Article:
If I didn’t have your love to make it real

First we take Manhattan, then…

So Long Marianne

I’m your Man
Everybody knows

Dance me to the end of love
“Dance Me to the End Of Love”…it’s curious how songs begin because the origin of the song, every song, has a kind of grain or seed that somebody hands you or the world hands you and that’s why the process is so mysterious about writing a song. But that came from just hearing or reading or knowing that in the death camps, beside the crematoria…a string quartet[1] was pressed into performance while this horror was going on…they would be playing classical music while their fellow prisoners were being killed and burnt. So, that music, “Dance me to your beauty with a burning violin”, meaning the beauty there of being the consummation of life, the end of this existence and of the passionate element in that consummation. But, it is the same language that we use for surrender to the beloved, so that the song – it’s not important that anybody knows the genesis of it, because if the language comes from that passionate resource, it will be able to embrace all passionate activity.

Bird on a wire
Cohen was the dark eminence among a small pantheon of extremely influential singer-songwriters to emerge in the Sixties and early Seventies. Only Bob Dylan exerted a more profound influence upon his generation, and perhaps only Paul Simon and fellow Canadian Joni Mitchell equaled him as a song poet.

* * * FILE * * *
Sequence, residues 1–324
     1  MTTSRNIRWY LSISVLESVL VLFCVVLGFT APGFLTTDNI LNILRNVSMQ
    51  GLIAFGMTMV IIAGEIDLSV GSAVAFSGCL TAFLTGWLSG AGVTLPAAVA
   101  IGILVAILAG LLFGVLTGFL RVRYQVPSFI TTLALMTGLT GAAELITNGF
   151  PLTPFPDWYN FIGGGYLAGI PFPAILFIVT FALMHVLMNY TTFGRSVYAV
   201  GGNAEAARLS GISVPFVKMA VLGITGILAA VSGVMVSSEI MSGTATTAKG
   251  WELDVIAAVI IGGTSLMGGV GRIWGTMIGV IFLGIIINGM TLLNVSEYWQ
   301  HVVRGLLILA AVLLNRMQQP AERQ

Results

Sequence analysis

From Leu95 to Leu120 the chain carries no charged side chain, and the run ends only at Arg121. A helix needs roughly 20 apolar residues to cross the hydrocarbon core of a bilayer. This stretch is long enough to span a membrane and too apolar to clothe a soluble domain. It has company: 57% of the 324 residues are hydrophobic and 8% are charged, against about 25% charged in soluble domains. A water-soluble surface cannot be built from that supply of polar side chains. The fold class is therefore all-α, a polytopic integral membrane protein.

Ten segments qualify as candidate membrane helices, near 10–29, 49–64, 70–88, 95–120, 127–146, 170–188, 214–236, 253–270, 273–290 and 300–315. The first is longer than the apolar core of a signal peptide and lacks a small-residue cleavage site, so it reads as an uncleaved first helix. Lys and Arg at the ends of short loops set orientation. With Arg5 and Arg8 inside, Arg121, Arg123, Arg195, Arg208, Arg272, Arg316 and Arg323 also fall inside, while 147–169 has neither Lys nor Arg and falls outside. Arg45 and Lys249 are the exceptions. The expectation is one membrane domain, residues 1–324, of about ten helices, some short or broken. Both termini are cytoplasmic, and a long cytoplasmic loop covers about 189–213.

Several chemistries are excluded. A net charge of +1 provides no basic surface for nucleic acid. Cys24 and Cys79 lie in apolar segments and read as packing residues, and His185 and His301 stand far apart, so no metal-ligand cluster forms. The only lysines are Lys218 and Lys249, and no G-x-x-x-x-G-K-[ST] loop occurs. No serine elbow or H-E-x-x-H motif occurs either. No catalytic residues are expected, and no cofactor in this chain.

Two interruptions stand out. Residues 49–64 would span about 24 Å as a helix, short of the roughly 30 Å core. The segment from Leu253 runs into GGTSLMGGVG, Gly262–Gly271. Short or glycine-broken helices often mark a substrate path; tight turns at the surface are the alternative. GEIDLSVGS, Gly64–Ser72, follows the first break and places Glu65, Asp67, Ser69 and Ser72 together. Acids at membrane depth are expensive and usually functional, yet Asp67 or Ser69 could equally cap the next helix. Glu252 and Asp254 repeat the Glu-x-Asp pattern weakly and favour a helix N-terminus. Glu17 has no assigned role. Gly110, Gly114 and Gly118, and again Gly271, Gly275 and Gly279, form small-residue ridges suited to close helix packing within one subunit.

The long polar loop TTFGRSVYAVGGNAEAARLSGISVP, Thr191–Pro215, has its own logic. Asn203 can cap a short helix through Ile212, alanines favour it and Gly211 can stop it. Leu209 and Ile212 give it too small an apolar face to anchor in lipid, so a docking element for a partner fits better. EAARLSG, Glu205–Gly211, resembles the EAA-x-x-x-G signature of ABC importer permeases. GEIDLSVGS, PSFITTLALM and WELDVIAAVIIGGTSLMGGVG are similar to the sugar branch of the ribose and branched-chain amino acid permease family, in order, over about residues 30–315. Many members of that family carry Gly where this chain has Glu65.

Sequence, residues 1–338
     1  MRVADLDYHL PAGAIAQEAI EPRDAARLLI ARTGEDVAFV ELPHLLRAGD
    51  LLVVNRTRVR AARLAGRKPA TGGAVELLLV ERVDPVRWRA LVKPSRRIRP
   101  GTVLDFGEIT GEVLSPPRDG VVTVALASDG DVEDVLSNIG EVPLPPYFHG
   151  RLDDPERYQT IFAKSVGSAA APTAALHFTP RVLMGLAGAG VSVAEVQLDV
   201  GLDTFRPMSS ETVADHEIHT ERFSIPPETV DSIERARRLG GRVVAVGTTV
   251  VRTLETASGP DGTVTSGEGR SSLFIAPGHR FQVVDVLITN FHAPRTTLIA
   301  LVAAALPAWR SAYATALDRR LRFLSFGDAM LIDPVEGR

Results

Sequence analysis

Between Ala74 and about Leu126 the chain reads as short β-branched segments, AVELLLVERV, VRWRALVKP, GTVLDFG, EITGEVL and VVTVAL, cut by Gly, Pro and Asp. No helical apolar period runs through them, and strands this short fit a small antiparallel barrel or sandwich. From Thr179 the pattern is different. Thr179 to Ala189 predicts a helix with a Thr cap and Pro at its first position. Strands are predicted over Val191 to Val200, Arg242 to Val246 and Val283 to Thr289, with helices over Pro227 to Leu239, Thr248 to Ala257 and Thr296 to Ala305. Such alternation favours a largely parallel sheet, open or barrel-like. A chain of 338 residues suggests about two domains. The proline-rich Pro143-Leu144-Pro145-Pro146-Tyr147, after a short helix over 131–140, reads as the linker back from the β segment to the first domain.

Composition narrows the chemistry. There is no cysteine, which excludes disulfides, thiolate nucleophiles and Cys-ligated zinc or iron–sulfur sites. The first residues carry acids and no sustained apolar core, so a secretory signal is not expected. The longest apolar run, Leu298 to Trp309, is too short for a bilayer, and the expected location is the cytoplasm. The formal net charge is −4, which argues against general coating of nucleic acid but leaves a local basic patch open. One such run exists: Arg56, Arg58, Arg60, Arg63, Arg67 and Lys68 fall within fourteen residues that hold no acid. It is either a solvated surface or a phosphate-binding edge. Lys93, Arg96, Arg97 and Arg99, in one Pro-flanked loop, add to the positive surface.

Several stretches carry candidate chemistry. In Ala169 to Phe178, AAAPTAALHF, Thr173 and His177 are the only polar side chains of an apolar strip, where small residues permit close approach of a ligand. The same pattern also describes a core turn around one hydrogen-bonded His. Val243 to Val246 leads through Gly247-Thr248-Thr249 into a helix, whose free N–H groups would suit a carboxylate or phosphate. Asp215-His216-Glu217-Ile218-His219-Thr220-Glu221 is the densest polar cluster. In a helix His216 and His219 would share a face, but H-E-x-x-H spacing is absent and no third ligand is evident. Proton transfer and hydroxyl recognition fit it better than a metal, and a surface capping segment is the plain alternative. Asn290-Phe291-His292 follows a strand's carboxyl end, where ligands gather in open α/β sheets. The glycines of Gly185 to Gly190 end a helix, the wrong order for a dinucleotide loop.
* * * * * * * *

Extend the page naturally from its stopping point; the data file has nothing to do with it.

Cohen’s haunting bass voice, nylon-stringed guitar patterns and Greek-chorus backing vocals shaped evocative songs that dealt with love and hate, sex and spirituality, war and peace, ecstasy and depression. He was also the rare artist of his generation to enjoy artistic success into his Eighties, releasing his final album, You Want It Darker, earlier this year. Rolling Stone

You want it darker

Cohen’s best-known song may well be “Hallelujah,” a majestic, meditative ballad infused with both religiosity and earthiness.
It was written for a 1984 album that his record company rejected as insufficiently commercial; it was popularized a decade later by Jeff Buckley.
Along with “Suzanne”, Hallelujah” is arguably Cohen’s most famous song. The original version is in 6/8 time, which evokes both waltz and gospel music. Written in the key of C major, the chord progression matches lyrics from the song: “goes like this, the fourth, the fifth, the minor fall, and the major lift”: C, F, G, A minor, F.[2] Cohen wrote around 80 draft verses for the tune, with one writing session at the Royalton Hotel in New York where he was reduced to sitting on the floor in his underwear, banging his head on the floor.The song contains several biblical references, most notably evoking the stories of Samson and traitorous Delilah from the Book of Judges (“she cut your hair”) as well as the adulterous King David and Bathsheba (“you saw her bathing on the roof, her beauty in the moonlight overthrew you”).Asked about the phenomenal success of the song in 2009, Cohen told the CBC Radio show Q:
‘I was happy that the song was being used. Of course, there was certain ironic and amusing sidebars because the record that it came from, which was called Various Positions, that record Sony wouldn’t put out. They didn’t think it was good enough…So there was a mild sense of revenge that arose in my heart. I was happy about it but it’s…I was just reading a review of a movie called Watchmen that uses it, and the reviewer said, “Can we please have a moratorium on ‘Hallelujah’ in movies and television shows?” And I kind of feel the same way…I think the song came out in ’83 or ’84, and the only person who seemed to recognize the song was Dylan. He was doing it in concert. Nobody else recognized the song till quite a long time later, I think.’leonard-cohen


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